This week in Australian foreign affairs: Albanese welcomes Sogavare to Canberra, Bali Bombings 20th anniversary commemoration events, Wong travels to Marshall Islands and Nauru, Wong hosts Indian counterpart Jaishankar, and more.
On 6 October, Prime Minister Anthony Albanese welcomed Solomon Islands Prime Minister Manasseh Sogavare to Canberra for bilateral talks. Albanese noted that the bilateral relationship is “incredibly important” and that “as members of the Pacific Family, we are committed to working together to face our shared challenges and achieve our shared goals, including on climate change.” The leaders also discussed their “shared aspirations for a peaceful, prosperous and resilient Pacific”, as well as “ongoing economic cooperation, including market access, Pacific labour mobility, scholarships and the Pacific Engagement Visa.”
Albanese, alongside Minister for Foreign Affairs Penny Wong and Assistant Minister for Foreign Affairs Tim Watts, acknowledged the 20th anniversary of the 2002 Bali bombings, which resulted in the loss of 202 lives, including 88 Australians. Albanese attended a service at Coogee in Sydney, while Wong hosted a memorial service at Parliament House, and Watts attended a commemorative ceremony at Australia’s Consulate-General in Bali.
On 12 October, Wong announced she would be travelling to the Republic of the Marshall Islands and the Republic of Nauru “to further strengthen Australia’s ties with our Pacific family.” While in the Marshall Islands, Wong will officially open the Australian embassy, which commenced operations last year. She will also put to air the first Australian Broadcasting Corporation radio programme on the Islands’ national broadcaster in six years. Wong will also meet with President David Kabua, Foreign Minister Kitlang Kabua, and other Members of Parliament, as well as community leaders, “to discuss climate action and enhance our security, environmental, cultural and economic partnerships.” In Nauru, Wong will meet with President Russ Kun and to launch a new partnership with Nauru and the Australian Football League, “to support young athletes in Nauru, Papua New Guinea and Fiji.”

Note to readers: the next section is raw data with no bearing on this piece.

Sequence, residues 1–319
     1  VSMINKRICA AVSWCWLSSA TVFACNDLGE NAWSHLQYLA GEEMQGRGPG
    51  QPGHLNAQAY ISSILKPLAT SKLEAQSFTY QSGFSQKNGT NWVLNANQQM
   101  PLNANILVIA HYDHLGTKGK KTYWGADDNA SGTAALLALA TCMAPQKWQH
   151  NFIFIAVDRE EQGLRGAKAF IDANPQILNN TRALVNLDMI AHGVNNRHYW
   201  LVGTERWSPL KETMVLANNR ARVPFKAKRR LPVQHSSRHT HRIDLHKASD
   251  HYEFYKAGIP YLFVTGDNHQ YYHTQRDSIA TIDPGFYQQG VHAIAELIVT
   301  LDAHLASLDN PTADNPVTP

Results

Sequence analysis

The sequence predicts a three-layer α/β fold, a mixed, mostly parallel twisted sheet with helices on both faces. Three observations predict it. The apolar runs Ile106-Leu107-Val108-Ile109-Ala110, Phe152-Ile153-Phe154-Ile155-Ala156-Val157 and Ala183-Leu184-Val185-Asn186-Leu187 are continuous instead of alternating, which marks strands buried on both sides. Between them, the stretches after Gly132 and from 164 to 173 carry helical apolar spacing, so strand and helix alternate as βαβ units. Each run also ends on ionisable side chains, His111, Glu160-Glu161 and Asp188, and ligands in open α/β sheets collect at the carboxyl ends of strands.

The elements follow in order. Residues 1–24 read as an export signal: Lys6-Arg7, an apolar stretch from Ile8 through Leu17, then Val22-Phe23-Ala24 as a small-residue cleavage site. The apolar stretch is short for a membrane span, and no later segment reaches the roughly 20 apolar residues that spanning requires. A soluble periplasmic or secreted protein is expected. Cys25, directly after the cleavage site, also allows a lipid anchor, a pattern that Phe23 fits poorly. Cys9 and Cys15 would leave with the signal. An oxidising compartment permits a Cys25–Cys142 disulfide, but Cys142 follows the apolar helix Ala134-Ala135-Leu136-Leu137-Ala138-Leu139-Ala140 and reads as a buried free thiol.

Wong hosted India’s External Affairs Minister, Dr S Jaishankar, to Australia on 10 October for the annual Foreign Ministers’ Framework Dialogue. During the Dialogue, the Ministers “discussed accelerating and deepening economic ties, including through our Economic Cooperation and Trade Agreement”, as well as “strengthening our people to people ties and education links, reinforcing our defence and security cooperation and enhancing our climate change and new clean energy engagement, including through the Quad.” They also “agreed to expand our diplomatic footprints” and noted that Australia recommitted to opening a Consulate-General in Bengaluru, and that India is planning an additional consulate in Australia.
On 10 October, Wong met with Lao Deputy Prime Minister and Minister of Foreign Affairs, Saleumxay Kommasith in Canberra. They had “warm and productive discussions about how we can deepen the partnership between our two countries”. Wong noted that she “reiterated Australia’s support as Laos prepares for its ASEAN Chair Year in 2024” and “discussed our shared commitment to ASEAN centrality, and our strategic interest in maintaining a region which is peaceful, stable, prosperous, and where sovereignty is respected.” Wong and Saleumxay planted a tree together in the Australian Botanic Gardens “as an enduring symbol of the growth in our countries’ friendship.”
Wong welcomed Bosnia and Herzegovina’s Foreign Minister, Dr Bisera Turković, to Canberra on 11 October. The Foreign Ministers discussed “Russia’s unprovoked, illegal and immoral war on Ukraine, and Mr Putin’s dangerous escalations”, and also renewed their commitment to “greater cooperation between our countries and through the Bosnian diaspora community in Australia.” Wong noted that Australia remains “a strong supporter of Bosnia and Herzegovina’s sovereignty and territorial integrity” and that the bilateral relationship “is strengthened by our people-to-people ties and longstanding support.”